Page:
COSCO cuts capacity, suspends America-Asia service
COSCO has suspended an Asia-United States west coast service operated with 8,500- to 10,000-Twenty foot Equivalent Unit (TEU) ships.
Agency report quoted the company as saying the purpose is to “rein in overcapacity on the transpacific route in response to sluggish demand and low freight rates”.
Meanwhile, the final eastbound vessel deployed on the America-Asia Container (AAC) service sailed from Lianyungang on June 8, 2016.
SeaNews explained that capacity reductions from the withdrawal of the service will be compensated in part through the upsizing of Cosco’s ‘CEN’ service by removing the 8,500-TEU vessels operating the service and replacing them with 13,000-TEU vessels, reported Alphaliner.
The ‘AAC’ service is operated by Cosco, with CMA CGM, UASC, Hamburg Sud and PIL taking slots under five separate arrangements.
It is the biggest service yet to be withdrawn, and the move will be followed later this month by the suspension of the ‘CC1’ service by the G6 carriers and the ‘Manhattan Bridge/AAE3/AUC 2/ASUS’ by the ‘Ocean Three’ shipping alliance and Hamburg Sud.
Total capacity removed will reach 16,000 TEU per week, resulting in overall transpacific capacity decreasing by one per cent in July year on year.
Contrary to a total capacity reduction of three per cent on the Far East to US west coast, Far East to US east coast capacity will increase by four per cent, due mainly to the introduction of new services by the 2M and CKYHE shipping alliances.
The company recently unveiled the world’s largest tanker company in Shanghai.
According to maritime executives news, COSCO Shipping Energy Transportation will be the top tanker firm both by tonnage and by ship count, “with 105 vessels of a combined 17 million dwt, valued at about one tenth of China COSCO’s assets”.
The company also boasts of some 200 domestic and overseas customers in oil and gas.
State-owned China COSCO chairman Xu Lirong explained that the move would help “ensure China’s energy security,” adding that it would serve as an example to other state-owned enterprises of the benefits of large-scale restructuring – a priority for the Chinese government given the domestic overcapacity in steel, coal, shipbuilding and shipping.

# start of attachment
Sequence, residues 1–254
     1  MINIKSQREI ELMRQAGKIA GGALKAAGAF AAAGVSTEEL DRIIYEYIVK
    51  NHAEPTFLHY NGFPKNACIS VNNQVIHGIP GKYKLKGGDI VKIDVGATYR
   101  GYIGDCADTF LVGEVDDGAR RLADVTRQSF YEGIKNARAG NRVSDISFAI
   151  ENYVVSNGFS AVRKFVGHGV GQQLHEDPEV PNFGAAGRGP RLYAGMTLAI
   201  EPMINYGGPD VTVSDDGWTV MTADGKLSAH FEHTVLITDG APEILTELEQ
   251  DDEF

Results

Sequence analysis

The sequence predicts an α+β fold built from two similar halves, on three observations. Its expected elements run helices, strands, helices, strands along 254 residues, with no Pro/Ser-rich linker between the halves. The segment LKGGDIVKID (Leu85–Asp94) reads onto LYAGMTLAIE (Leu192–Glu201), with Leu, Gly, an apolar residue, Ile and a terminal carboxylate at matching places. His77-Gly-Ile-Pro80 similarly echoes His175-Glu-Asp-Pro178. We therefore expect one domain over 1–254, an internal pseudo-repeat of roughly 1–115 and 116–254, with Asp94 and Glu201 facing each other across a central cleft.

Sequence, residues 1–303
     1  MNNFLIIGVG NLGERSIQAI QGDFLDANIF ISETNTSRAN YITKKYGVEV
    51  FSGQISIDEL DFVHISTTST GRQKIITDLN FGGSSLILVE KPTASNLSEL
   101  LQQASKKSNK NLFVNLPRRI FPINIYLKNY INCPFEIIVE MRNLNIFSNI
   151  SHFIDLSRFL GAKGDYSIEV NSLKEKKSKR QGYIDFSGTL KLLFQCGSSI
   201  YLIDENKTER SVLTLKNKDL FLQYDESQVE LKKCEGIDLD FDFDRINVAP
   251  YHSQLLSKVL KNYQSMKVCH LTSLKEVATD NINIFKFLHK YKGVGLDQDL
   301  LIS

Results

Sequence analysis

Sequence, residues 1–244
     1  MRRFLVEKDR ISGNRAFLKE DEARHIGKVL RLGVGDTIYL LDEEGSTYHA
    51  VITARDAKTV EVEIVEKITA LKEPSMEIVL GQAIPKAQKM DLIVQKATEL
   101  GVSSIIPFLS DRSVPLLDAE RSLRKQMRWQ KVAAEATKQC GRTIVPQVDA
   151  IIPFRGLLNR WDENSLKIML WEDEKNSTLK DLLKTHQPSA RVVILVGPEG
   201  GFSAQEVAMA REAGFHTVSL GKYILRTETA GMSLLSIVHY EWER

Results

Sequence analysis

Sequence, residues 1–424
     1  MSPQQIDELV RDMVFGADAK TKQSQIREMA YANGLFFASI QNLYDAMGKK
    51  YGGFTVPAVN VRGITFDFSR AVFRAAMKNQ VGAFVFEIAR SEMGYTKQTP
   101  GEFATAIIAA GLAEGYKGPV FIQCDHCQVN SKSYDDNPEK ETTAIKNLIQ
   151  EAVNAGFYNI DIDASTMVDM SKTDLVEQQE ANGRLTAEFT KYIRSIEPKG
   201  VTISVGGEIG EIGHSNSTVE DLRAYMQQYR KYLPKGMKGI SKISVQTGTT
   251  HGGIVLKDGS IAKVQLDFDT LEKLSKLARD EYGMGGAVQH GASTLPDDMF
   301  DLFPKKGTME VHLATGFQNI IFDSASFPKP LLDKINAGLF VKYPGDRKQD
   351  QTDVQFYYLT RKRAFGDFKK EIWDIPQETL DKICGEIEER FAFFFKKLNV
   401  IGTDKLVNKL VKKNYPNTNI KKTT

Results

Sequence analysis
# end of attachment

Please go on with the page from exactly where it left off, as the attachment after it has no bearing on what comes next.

In 2014, COSCO Dalian and China Shipping Development Corporation – merged the beginning of the year as part of the COSCO-China Shipping tie-up – ranked as the number 11 and number 12 tanker companies, with 8.3 million dwt each.
The number one operator was MOL with 15.8 million dwt. COSCO explained that the newly formed entity will be investing in as many as 25 new LNG carriers, expanding its tonnage total.
“COSCO’s new step will transform its businesses into a more diversified operation model that can take full advantage of the opportunities likely to come from the Belt and Road Initiative and the development of the Yangtze River Economic Belt,” said Wang Mingzhi, an official with China’s Ministry of Transport.
Wang referred to Xi Jinping’s “One Belt, One Road” project, a continent-spanning infrastructure investment plan designed to link China with Central Asia and Europe; the Yangtze River Economic Belt is an economic development plan for the river drainage, which is home to forty percent of China’s population but varies markedly in economic vitality between its western and eastern halves.
COSCO posted a loss of $14 million in the first quarter of the year, led by poor activity in shipbuilding, marine engineering and bulk chartering, and it projected that business conditions would worsen.
The firm is making moves outside of vessel construction and operation: it has consolidated a financial arm in Hong Kong; diversified into offshore wind in a joint venture with DEME subsidiary GeoSea; and its ports division has been quite active, acquiring a lease to Greece’s Piraeus Port and buying a 35 percent stake in the Euromax terminal in Rotterdam.
Meanwhile, the drastic capacity cuts in the containership industry, which have resulted in the size of the idle global containership fleet hitting a five-year high with one million Twenty-foot Equivalent Unit (TEU) has failed to tackle the problem of slumping freight rates.
In an effort to restore the balance between supply and demand shipping lines have been removing capacity on most of the main trade routes, with the Asia to Europe trade lane seeing the most drastic cuts.
Of the 21 strings operated by the four main carrier alliances in the Far East to North Europe trade, two have been removed by the ‘Ocean 3’ and 2M alliances. The G6 and CKYHE have removed nine and five sailings respectively in November and December, the Hellenic Shipping News reported quoting data from Alphaliner.
The drastic capacity cuts, however, have been insufficient to reverse the slump in freight rates. Spot rates from Shanghai to North Europe declined to $409 per TEU last week according to the SCFI. Furthermore, shipping lines have not managed to retain most of the rate gains from the November 1 general rate increase (GRI), which ranged from $750 to $1,200 per TEU.
Despite cutting the number of weekly sailings by 3.8 strings in the fourth quarter, the capacity reduction on the Far East to North Europe route is only one per cent lower year on year.
The average size of ships deployed on this trade has risen from 12,000 TEU a year ago to 14,000 TEU at present. Last year, only one container line service offered a weekly capacity in excess of 17,000 TEU, now there are four such strings on the Asia to Europe trade lane.
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